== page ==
Oregon is a state where research facilities engage in a wide variety of scientific inquiries. Many medical research projects traditionally involve the use of mice as subjects. According to the plaintiff in a federal district court case, only certain very special mice should be used so that the research breakthroughs will continue to maintain their integrity and reliability. The case is about contracts between research labs and the alleged attempt by one party to breach provisions that preclude the sale of the purchased mice to third parties.
The Jackson Laboratory sued a university and related research entities that purchased some of Jackson's mice years earlier. Jackson alleged that the purchaser had attempted to breach their contract and sell some of the descendants of the original mice to third parties. The lawsuit asked that arbitration provided for in the contract be ordered against the purchaser.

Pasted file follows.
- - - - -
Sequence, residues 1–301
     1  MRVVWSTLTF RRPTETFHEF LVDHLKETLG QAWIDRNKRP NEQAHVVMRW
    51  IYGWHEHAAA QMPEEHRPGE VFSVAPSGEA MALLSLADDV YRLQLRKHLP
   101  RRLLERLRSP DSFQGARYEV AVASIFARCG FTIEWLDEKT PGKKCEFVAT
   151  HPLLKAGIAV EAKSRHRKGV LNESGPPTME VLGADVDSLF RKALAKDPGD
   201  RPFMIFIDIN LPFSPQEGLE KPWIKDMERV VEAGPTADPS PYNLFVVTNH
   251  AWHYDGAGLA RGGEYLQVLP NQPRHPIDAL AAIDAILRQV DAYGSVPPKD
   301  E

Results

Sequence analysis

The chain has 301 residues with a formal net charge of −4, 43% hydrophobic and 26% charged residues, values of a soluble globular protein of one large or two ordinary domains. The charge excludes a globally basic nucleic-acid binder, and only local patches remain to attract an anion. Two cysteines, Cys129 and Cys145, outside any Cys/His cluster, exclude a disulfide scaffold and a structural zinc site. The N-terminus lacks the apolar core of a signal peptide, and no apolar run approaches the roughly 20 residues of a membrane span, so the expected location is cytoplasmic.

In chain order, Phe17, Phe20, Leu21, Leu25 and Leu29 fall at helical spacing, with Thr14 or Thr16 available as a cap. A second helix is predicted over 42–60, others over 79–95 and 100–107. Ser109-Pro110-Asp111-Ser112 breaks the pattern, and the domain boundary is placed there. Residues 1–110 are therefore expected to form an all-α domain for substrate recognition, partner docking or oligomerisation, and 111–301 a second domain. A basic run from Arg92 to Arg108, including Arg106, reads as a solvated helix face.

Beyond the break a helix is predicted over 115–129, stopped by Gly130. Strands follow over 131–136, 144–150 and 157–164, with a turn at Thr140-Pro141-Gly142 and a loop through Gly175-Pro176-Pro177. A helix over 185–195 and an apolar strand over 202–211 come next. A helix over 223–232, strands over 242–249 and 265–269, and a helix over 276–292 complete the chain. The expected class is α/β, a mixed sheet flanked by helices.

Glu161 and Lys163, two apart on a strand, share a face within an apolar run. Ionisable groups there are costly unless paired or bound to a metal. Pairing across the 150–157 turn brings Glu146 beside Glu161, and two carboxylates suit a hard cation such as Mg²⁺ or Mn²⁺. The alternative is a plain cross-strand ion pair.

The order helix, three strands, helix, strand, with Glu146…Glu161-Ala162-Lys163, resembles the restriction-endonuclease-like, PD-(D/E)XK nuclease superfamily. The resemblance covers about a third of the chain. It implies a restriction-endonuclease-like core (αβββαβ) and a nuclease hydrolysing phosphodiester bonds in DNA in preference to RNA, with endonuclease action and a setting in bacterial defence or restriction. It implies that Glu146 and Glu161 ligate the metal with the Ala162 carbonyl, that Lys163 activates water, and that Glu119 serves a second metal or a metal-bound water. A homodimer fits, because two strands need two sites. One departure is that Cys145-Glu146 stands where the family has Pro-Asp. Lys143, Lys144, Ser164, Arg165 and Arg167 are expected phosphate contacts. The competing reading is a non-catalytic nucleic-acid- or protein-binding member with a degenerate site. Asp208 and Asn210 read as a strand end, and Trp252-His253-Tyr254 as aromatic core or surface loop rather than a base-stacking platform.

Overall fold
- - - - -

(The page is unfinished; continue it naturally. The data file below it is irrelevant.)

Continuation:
The case recently settled when the defendant, Nanjing University of China and its related entities, agreed to submit to arbitration in the United States. Jackson Lab, located in Maine, filed the suit in Sept. 2017 against the Chinese entities. Jackson alleged that it has sold thousands of mice to 23,000 research labs in 52 countries over the years. It alleges that the mice have a special genetic disposition that makes them comparable to humans. That feature of course makes these mice suitable for important medical and scientific research.
Jackson Lab claims that the mice have been instrumental in discoveries and breakthroughs regarding cancer, heart disease, Alzheimer's and Parkinson's. It alleges that the sale to third parties will likely lead to a corruption of the genetic purity of the original mice, which could put in doubt future research findings. With the agreement to submit the dispute over the mouse-related contracts to arbitration, the Jackson Lab expressed elation and relief. Meanwhile, the publicity surrounding this business litigation is likely to anoint these special research animals with a celebrity status throughout the country, including here in Oregon.
Source: courant.com, "Jackson Lab, Chinese University Settle Dispute Over Sale Of Mice", Stephen Singer, April 4, 2018